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  30.  14
    Intellectual Intuition, Moral Metaphysics, and Chinese Philosophy.Jingjing Li - 2018 - In Violetta Waibel, Margit Ruffing & David Wagner (eds.), Natur und Freiheit: Akten des XII. Internationalen Kant-Kongresses. Berlin, Germany: pp. 3731–3738.
    In this paper, I scrutinize Mou Zongsan’s doctrine of Moral Metaphysics in which Mou fuses Kant’s architectonic of knowledge with Chinese philosophy. Through this doctrine, Mou contends that: 1) according to Chinese philosophy, humans do have access to intellectual intuition; 2) this possibility justifies the legitimacy and priority of Chinese philosophy. To examine Mou’s argument, I first present Mou’s reading of Kant’s conception of intellectual intuition; then, I elucidate the way in which Mou identifies intellectual intuition (...)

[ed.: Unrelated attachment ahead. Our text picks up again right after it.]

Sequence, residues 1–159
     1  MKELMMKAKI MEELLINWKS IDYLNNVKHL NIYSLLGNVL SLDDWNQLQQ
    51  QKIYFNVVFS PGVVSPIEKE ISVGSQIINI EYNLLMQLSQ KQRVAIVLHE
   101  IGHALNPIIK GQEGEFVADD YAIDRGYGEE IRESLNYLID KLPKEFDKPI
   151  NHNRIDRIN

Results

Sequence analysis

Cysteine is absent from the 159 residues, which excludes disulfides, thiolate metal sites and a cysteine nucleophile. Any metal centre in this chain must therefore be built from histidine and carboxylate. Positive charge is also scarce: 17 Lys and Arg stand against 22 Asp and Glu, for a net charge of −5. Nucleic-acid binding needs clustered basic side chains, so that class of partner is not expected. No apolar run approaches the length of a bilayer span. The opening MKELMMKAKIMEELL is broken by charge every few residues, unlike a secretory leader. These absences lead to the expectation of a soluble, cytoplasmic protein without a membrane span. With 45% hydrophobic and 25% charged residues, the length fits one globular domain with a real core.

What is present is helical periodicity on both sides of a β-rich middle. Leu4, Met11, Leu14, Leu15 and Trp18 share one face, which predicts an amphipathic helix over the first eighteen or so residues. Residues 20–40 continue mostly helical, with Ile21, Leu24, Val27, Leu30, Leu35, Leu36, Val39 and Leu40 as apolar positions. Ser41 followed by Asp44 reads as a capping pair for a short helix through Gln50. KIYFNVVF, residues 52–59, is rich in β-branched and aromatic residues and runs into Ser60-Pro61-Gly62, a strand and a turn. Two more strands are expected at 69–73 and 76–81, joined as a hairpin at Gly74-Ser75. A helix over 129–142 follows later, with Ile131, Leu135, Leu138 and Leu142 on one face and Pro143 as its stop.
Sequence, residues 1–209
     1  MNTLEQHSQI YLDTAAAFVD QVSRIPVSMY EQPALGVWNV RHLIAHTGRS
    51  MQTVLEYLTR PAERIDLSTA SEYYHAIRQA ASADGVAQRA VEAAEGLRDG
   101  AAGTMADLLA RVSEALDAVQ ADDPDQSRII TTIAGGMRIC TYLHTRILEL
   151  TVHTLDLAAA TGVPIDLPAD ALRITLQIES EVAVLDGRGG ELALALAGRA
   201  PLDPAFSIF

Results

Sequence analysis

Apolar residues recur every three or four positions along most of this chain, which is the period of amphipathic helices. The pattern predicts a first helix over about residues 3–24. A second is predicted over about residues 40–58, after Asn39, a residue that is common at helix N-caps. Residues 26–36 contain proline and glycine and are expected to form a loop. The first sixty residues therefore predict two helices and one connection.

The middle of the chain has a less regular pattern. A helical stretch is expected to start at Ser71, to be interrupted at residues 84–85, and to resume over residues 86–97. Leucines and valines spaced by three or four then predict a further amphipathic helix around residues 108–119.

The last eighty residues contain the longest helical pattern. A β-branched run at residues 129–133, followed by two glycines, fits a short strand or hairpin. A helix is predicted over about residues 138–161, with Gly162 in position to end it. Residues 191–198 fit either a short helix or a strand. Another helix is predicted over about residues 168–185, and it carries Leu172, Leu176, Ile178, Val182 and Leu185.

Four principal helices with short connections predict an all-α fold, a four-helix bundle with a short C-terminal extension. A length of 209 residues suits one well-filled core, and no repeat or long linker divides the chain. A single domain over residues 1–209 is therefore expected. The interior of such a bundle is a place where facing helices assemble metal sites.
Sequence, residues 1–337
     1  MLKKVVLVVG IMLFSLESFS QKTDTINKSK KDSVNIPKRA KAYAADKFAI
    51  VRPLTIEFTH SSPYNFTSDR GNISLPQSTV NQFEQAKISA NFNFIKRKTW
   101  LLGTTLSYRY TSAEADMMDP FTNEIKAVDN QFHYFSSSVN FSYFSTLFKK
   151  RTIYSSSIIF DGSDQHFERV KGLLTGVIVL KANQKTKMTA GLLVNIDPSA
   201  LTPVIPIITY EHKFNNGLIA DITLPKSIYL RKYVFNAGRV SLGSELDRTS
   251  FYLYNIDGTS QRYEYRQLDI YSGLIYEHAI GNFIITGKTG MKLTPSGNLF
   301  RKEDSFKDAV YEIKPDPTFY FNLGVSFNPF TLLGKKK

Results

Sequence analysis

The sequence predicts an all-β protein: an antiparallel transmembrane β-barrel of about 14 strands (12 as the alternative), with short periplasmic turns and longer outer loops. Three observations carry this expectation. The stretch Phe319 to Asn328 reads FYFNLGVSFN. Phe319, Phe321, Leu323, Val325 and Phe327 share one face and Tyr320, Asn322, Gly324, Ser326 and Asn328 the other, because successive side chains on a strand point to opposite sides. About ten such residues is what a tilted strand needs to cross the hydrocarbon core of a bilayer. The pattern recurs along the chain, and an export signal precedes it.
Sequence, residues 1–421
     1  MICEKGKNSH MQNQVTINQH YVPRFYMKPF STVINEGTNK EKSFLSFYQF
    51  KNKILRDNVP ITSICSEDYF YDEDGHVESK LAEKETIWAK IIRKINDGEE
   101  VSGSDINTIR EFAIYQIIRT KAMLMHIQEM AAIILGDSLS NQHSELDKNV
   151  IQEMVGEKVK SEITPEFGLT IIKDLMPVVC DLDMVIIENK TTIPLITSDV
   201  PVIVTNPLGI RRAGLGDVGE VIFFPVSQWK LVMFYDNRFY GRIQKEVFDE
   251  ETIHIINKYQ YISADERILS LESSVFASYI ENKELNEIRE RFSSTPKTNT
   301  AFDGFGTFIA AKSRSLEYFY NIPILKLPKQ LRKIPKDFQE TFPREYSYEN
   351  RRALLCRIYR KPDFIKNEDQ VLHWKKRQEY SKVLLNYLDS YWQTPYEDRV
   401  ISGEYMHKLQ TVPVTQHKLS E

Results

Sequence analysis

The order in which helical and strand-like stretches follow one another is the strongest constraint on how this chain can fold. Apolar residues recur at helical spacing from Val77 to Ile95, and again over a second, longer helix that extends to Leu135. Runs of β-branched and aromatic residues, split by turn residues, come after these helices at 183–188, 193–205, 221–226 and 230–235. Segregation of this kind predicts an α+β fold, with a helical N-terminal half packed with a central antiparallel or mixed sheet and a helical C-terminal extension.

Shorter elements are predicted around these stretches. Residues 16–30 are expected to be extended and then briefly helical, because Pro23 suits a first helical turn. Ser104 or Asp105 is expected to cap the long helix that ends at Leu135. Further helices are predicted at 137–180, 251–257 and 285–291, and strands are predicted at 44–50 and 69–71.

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  31. Moral Perception, Inference, and Intuition.Daniel Wodak - 2019 - Philosophical Studies 176 (6):1495-1512.
    Sarah McGrath argues that moral perception has an advantage over its rivals in its ability to explain ordinary moral knowledge. I disagree. After clarifying what the moral perceptualist is and is not committed to, I argue that rival views are both more numerous and more plausible than McGrath suggests: specifically, I argue that inferentialism can be defended against McGrath’s objections; if her arguments against inferentialism succeed, we should accept a different rival that she neglects, intuitionism; and, reductive (...)
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  32.  27
    Moral Psychology: The Cognitive Science of Morality: Intuition and Diversity.Walter Sinnott-Armstrong (ed.) - 2007 - Bradford.